Tech students present research at Federal Reserve

Two Louisiana Tech University College of Business students recently participated in the 15th annual undergraduate research conference for the Economic Scholars Program (ESP) at the Federal Reserve Bank of Dallas.

Senior economics major Patrick Miller, of Mandeville, served as a judge, while senior economics major Paycen Brouillette, of St. Francisville, was a judge and presented his original research titled “The Effect of Real Broad Effective Exchange Rates and Inflation on Middle Eastern Conflict.”

“Opportunities like the Economic Scholars Program provide students with a unique and uncommon avenue to display their academic passions through research and statistical analysis,” said Brouillette. “The chance to present research you have worked countless hours on to such a prestigious audience like the Federal Reserve Bank of Dallas is a tremendous honor, and a strong motivator to continue pursuing innovative research.”

Students developed their research as part of the ECON 451 “Research Methods for Economics” course taught by Assistant Professor of Economics Dr. Patrick Scott. Miller and Brouillette are also members of the team that produces the Regional Economic Analysis of Louisiana (REAL) Report, a quarterly publication designed to provide insight into recent economic developments in Louisiana.

“As a judge, the Dallas Federal Reserve System trained candidates to score papers based on quality of research,” said Miller, who noted opportunities like this are invaluable for young professionals to learn how to evaluate an academic paper in preparation to present their own original research. “My favorite part of being a judge was reviewing the papers my peers from around the country submitted. I was able to explore new and developing economic topics through the perspective of young economist.”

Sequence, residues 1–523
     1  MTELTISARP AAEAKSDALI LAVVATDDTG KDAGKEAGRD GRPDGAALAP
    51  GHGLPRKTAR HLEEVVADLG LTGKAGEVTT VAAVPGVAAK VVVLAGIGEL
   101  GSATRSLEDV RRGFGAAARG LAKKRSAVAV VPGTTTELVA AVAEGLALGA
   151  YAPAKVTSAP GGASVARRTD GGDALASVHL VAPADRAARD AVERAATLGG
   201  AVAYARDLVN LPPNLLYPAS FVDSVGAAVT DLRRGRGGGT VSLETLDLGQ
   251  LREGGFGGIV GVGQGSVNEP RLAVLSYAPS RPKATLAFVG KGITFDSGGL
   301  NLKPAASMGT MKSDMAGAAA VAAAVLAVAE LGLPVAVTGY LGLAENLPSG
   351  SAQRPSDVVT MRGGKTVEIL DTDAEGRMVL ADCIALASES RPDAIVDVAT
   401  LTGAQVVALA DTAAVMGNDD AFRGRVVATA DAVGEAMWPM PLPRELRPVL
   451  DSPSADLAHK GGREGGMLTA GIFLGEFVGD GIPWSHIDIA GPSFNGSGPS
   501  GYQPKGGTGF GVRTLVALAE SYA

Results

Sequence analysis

The conference offers students the opportunity to share and gain feedback on high-quality undergraduate research. It is also designed to inspire other students to undertake their own projects. Since 2007, student scholars and faculty from institutions across the U.S. and Canada have come together to share undergraduate student-initiated or student-faculty coauthored works, ideas about the role of undergraduate research in the curriculum, and the challenges and concerns of undergraduates who conduct research.

“It was a bit nerve-racking at first to present my research to some of the brightest minds in undergraduate economic research,” said Brouillette. “The most impactful part of presenting was explaining to the audience the nuanced connections between the broad body of previous literature and the findings of my research in an approachable way. Being able to truly portray the heart of my research and its impact on future studies was an extremely rewarding experience.”

Both Miller and Brouillette plan to purse master’s degrees in economics following their graduations from Louisiana Tech, a route that will allow them to grow, as Brouillette said, “their passion for finding logical and approachable solutions to complex issues.”

For more information on the Economics Scholars Program, visit dallasfed.org/educate.


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